KJZZ is a service of Rio Salado College,
and Maricopa Community Colleges

Copyright © 2024 KJZZ/Rio Salado College/MCCCD
Play Live Radio
Next Up:
0:00 0:00
Available On Air Stations

SOAPBOX: A letter to my daughter, who is tiny and can't read yet

On KJZZ's SOAPBOX, The Show  turns over the the mic to listeners. For the summer 2022, writers tackled the theme HOME.

It started around 400 years ago with the arrival of a boat in what is now known as South Asia. The people in this boat looked like the sun reflected light off their skin, just like a glowing moon. We took an immediate liking to them.

They said they were here for our benefit, and we believed them. We gave them a place to stay and spices to trade. They said they liked our beautiful, colorful clothes, and we liked that very much. It’s flattering when people say complimentary things.

They had nice things like potatoes, tomatoes, weapons and armies. They said we could have these nice things but not all of us, just our kings and queens. Yes, it’s true, we were once our own kings and queens.

Over time our kings and queens (but let’s be honest — it’s mostly our kings who deserve the blame) began to settle disputes on the backs of the armies of the glowing moon people. So they brought in even more armies.

Eventually they brought in enough armies that they didn’t need our kings and queens anymore. And so they declared what was ours was theirs and what was theirs was also theirs.

We laughed nervously.

They took our food and made it their own. They took our jewels, resources, freedom and agency. They tried to take our mangoes but, HA, good luck. Good mangoes won’t grow anywhere else. The joke was on them.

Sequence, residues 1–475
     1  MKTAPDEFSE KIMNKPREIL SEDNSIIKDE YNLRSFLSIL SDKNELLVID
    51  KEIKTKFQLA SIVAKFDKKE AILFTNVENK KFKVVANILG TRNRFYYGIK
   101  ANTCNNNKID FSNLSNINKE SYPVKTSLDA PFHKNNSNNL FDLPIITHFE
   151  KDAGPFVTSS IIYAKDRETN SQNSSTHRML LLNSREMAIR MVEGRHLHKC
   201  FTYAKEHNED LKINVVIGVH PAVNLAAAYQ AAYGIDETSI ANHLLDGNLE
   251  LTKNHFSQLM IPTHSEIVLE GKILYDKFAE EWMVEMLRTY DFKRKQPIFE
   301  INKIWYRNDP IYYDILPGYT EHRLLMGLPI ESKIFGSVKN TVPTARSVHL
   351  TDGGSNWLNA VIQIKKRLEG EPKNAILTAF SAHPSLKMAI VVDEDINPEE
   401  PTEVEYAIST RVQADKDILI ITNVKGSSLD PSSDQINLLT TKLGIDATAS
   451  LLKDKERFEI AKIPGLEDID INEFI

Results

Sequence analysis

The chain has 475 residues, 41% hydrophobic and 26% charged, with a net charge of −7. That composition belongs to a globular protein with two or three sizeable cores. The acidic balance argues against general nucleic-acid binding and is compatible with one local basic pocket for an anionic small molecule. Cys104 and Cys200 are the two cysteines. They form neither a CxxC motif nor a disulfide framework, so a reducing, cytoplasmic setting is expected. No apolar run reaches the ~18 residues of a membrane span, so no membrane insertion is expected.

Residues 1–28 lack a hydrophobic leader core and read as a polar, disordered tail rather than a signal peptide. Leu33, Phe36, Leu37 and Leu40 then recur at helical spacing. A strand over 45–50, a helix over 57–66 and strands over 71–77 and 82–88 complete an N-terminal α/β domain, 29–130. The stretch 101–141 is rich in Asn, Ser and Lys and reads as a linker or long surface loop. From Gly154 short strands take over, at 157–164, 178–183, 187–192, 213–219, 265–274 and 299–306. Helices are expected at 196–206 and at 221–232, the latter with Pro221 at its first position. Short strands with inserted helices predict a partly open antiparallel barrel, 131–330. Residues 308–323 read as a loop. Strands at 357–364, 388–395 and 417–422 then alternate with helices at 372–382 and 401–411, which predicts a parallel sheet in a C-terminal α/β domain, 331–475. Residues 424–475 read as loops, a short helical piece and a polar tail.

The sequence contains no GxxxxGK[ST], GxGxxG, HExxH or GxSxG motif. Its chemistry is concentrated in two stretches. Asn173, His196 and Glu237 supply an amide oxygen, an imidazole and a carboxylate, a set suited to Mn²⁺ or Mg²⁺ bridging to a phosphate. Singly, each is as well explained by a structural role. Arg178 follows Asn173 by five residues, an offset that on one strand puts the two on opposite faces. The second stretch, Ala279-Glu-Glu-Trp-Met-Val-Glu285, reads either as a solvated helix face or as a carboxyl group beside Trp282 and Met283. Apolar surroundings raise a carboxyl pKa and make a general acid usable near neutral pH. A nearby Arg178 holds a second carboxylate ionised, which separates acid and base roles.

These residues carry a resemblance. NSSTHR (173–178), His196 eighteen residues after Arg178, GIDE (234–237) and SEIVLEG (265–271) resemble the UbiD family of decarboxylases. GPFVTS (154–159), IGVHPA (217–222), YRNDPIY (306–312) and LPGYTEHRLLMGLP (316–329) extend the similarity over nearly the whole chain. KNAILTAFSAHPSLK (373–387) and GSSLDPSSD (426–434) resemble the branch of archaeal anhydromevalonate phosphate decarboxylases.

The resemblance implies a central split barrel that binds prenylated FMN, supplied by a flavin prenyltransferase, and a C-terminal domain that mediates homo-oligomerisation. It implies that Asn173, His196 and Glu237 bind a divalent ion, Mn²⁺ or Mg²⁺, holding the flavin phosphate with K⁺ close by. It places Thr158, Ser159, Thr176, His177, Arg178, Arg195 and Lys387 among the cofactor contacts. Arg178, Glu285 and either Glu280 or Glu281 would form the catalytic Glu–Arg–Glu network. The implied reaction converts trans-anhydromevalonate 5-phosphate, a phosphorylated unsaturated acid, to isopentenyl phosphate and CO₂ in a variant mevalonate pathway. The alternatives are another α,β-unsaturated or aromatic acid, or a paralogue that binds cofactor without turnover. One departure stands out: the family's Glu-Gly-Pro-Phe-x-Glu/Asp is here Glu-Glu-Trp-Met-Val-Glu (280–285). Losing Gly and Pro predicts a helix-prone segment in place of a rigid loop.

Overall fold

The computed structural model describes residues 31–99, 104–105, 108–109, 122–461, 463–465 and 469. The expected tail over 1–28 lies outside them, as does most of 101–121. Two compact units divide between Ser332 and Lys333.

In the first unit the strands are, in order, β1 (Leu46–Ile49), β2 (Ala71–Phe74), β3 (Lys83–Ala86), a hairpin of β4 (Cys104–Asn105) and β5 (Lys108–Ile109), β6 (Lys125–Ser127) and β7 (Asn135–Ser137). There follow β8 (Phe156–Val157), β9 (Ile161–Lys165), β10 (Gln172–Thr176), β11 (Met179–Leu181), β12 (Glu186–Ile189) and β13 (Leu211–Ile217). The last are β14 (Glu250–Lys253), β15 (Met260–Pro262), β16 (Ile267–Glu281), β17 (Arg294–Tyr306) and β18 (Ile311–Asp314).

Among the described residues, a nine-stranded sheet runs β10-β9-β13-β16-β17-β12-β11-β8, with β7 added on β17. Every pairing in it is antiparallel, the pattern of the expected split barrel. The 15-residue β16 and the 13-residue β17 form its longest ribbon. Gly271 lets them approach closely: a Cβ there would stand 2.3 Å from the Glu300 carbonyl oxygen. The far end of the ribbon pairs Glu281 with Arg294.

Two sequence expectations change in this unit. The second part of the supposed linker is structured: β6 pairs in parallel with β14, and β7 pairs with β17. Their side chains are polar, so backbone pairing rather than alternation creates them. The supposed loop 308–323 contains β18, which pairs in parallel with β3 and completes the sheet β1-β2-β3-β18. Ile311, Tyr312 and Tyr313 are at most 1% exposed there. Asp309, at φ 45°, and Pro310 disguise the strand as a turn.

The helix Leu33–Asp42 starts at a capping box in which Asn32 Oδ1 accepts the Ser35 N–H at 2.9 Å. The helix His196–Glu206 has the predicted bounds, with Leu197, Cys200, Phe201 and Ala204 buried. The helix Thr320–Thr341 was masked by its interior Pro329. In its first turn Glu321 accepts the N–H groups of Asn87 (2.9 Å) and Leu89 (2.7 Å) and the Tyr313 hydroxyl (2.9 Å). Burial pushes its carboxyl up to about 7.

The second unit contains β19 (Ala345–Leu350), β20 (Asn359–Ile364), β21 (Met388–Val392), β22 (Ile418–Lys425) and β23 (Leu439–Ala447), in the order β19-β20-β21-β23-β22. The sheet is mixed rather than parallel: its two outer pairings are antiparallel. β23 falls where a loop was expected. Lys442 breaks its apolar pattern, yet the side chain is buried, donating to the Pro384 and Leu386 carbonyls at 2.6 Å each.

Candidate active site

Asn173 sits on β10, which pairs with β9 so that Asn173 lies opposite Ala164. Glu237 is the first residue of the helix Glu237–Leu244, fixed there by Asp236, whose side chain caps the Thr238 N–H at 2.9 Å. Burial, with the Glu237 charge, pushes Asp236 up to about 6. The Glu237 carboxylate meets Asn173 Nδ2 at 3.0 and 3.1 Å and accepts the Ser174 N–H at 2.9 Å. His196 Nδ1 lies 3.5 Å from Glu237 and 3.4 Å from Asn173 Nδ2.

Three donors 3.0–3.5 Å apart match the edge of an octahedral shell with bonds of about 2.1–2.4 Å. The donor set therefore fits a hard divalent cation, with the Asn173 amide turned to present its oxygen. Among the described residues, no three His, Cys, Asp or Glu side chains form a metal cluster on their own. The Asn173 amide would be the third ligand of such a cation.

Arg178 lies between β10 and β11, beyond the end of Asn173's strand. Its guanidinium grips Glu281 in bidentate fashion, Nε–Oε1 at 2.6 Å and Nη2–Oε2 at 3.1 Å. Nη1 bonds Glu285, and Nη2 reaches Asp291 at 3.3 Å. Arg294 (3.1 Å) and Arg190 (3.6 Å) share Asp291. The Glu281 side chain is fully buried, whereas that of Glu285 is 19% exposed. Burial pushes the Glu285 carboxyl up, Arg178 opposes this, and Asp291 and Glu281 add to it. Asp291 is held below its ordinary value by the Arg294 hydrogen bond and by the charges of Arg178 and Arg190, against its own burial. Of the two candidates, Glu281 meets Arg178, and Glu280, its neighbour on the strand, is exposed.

They told us what to wear and how to speak. They taught us how to play cricket and we liked that very much. They enslaved us and this we did not like as much.

They gave us chai and we held onto it for dear life.

Some of us rose up and fought them but no one remembers their names now.

They made us fight in their wars and then when they got tired of us and eventually left, they made us fight each other. Neighbors turned on their neighbors. Families were separated. Many of us died — too many, really. One country became two — India and Pakistan — and then eventually three including Bangladesh.

We were heartbroken but life went on. We sang patriotic songs and waved our new flags. We formed democracies only to have them dismantled by dictators. This happened over and over again.

Because we needed more than just chai to survive, many of us tried our luck elsewhere. We were not really welcome anywhere but we tried to make new homes anyway.

That’s exactly what I did. Just like my father and his father before him. Moving from one place to the next, all of us trying to find a place to belong to.

A lot of life happened but most of that feels irrelevant. Because somewhere between trying to make a new home in Arizona and feeling like I didn’t belong anywhere, I met your mother.

We fell in love, ate delicious food and talked about our favorite podcasts. We went on walks, road trips and to the grocery store. We got married and your mother’s dog went on to become my dog. Then you came along and James became your dog, too.

You see, so much had to happen to get us to this current moment. Where, every Saturday afternoon, I sit at the dining table across from ammi — your grandmother, with you in my lap. We drink chai and we eat desi biscuits. Ammi doesn’t understand anything you say but you two communicate anyway. And we talk about how your nose looks exactly like mine.

More stories from KJZZ